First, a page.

What is Theft in Arizona?
Theft, as defined by A.R.S. § 13-1802(the Arizona theft statute), can be committed in various ways. Depending on the value of the property that was stolen, theft can be charged as a simple misdemeanor but can also be as a serious as a class 2 felony. This means that, depending on the circumstances of the crime, a person convicted of theft may receive probation or over a decade in prison. But there are numerous ways theft charges can be defended, and if you or a loved one has been arrested for theft in Arizona, having an experienced and aggressive defense attorney on your side is essential. With the right strategy, there is a chance that theft charges may be lowered or dismissed entirely.
A.R.S. § 13-1802 Defined
Under Arizona’s theft law,
A person commits theft if, without lawful authority, the person knowingly:
- (1) Controls property of another with the intent to deprive the other person of such property; or
- (2) Converts for an unauthorized term or use services or property of another entrusted to the defendant or placed in the defendant’s possession for a limited, authorized term or use; or
- (3) Obtains services or property of another by means of any material misrepresentation with intent to deprive the other person of such property or services; or
- (4) Comes into control of lost, mislaid or misdelivered property of another under circumstances providing means of inquiry as to the true owner and appropriates such property to the person’s own or another’s use without reasonable efforts to notify the true owner; or
- (5) Controls property of another knowing or having reason to know that the property was stolen; or
- (6) Obtains services known to the defendant to be available only for compensation without paying or an agreement to pay the compensation or diverts another’s services to the person’s own or another’s benefit without authority to do so.
Penalties for Theft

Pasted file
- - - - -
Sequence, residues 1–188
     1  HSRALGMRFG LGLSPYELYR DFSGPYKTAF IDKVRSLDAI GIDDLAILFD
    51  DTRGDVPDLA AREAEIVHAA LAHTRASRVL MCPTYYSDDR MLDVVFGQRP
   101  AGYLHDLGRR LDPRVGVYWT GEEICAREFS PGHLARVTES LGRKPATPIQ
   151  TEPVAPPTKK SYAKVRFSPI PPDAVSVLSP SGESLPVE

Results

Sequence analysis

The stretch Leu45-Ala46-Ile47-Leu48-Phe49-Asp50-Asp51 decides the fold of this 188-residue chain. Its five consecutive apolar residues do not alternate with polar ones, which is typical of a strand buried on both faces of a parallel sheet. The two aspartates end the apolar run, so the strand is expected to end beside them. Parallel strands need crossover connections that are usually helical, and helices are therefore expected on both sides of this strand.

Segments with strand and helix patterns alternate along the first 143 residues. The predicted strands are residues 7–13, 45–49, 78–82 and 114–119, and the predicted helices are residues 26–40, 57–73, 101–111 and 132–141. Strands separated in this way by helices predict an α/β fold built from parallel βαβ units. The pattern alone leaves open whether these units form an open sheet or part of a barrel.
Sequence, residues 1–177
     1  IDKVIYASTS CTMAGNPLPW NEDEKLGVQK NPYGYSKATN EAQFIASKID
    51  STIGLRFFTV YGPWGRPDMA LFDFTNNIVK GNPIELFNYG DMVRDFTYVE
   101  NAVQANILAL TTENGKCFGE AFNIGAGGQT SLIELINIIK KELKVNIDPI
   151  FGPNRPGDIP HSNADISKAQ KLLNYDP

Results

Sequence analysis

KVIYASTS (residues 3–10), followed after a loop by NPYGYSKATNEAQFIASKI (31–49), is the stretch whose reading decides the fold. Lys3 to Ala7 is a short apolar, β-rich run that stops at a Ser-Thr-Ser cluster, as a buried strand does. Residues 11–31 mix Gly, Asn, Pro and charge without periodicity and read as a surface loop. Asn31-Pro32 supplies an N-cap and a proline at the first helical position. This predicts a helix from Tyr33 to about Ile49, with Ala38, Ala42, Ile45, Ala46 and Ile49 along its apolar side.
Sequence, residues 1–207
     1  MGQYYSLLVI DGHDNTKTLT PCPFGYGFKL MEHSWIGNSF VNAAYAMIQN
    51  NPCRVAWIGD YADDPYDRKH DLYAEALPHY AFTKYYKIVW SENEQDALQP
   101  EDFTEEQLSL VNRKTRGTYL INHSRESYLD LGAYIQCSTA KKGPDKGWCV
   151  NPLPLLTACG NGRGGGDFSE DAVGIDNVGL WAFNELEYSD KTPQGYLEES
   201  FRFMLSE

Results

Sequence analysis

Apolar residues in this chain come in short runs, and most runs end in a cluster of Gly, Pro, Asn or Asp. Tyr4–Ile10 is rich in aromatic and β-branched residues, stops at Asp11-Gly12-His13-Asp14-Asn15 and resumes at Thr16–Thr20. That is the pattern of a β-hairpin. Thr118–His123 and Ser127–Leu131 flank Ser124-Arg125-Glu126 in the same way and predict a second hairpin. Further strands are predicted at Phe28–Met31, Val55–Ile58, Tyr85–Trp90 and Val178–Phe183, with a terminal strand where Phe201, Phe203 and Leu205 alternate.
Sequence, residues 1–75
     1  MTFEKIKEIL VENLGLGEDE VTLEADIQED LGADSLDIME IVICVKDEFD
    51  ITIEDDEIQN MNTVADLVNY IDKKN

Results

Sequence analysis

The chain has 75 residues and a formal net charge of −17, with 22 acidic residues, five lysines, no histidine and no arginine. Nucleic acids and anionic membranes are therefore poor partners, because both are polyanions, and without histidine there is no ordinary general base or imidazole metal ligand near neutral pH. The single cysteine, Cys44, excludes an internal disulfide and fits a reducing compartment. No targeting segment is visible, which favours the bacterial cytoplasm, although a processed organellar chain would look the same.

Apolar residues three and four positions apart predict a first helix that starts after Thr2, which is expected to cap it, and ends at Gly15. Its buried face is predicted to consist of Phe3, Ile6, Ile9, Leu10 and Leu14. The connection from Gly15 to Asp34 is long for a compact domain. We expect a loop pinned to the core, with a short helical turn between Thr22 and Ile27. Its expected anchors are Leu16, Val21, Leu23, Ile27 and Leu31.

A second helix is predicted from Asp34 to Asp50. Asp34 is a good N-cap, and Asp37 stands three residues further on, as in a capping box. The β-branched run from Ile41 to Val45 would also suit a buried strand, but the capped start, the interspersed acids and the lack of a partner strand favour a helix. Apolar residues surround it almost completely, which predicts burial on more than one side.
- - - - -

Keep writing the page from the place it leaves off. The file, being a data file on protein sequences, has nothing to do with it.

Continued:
Theft can be charged in a wide variety of ways. It can be classified as a misdemeanor or even as high as a class 2 felony, primarily depending on the value of the property stolen:
Class 2 felony: $25,000+
- First Time Offender: 3 to 12.5 years in prison
- Second Felony Conviction: 4.5 to 23 years
- Third Felony Conviction: 10.5 to 35 years
Class 3 felony: $4,000 – $25,000
- First Time Offender: 2 to 8.75 years
- Second Felony Conviction: 4.5 to 16.25 years
- Third Felony Conviction: 7.5 to 25 years
Class 4 felony: $3,000 – $4,000
- First Time Offender: 1 to 3.75 years
- Second Felony Conviction: 2.25 to 7.5 years
- Third Felony Conviction: 6 to 15 years
Class 5 felony: $2,000 – $3,000
- First Time Offender: .5 to 2.5 years
- Second Felony Conviction: 1 to 3.75 years
- Third Felony Conviction: 3 to 7.5 years
Class 6 felony: $1,000 – $2,000
- First Time Offender: .33 to 2 years
- Second Felony Conviction: .75 to 2.75 years
- Third Felony Conviction: 2.25 to 5.75 years
Class 1 misdemeanor: Less than $1,000
- Up to $2,500 in fines;
- Up to 6 months’ jail.
Defenses to Theft
- Lack of Intent: Under Arizona’s theft statute, a person commits theft if they take another’s property “with the intent” to deprive the other person of that property. However, what is known as a “mistake a fact” may occur in various situations where the so-called theft is actually unintentional. If the intent element of theft cannot be proven beyond a reasonable doubt, then a theft charge should not hold up to a jury.
Example: A person takes his coat off at a party, and when he leaves, he retrieves what he believes to be his coat but is in fact somebody’s else’s although it looks very similar. The person here did not intend to deprive the other person of the coat or its contents, and the mere fact that an accident occurred in identifying the coat does not constitute a crime under Arizona’s theft law.
- Consent: Another common defense to theft charges is that the owner of the property gave consent to the defendant to use the property. This is typically seen in situations where there is a pre-existing relationship between the defendant and the alleged “victim” such as roommates, spouse, girlfriend/boyfriend, etc. The victim may have originally lent the defendant property, but then when the relationship goes bad the victim may now accuse the defendant of stealing the property. The police find the property in the defendant’s possession and the defendant may not even deny that the property belongs to the victim, but the fact that the victim gave the defendant consent to possess the property may negate the elements of the theft charge.
- Property Was a Gift: If the theft charge involves an allegation that the victim is a vulnerable adult, there is a statutory defense to a theft charge if the victim gives a gift to the defendant that is consistent with a pattern of gift giving from the victim to the defendant that occurred prior to the victim becoming a vulnerable adult.
How Salwin Law Can Help You
If you’ve been charged with theft, an experienced criminal defense attorney at the Salwin Law Group can help you with your case today. Stewart Salwin provides free consultations on criminal charges. Call today to see how we can help you get the best possible defense to your charges.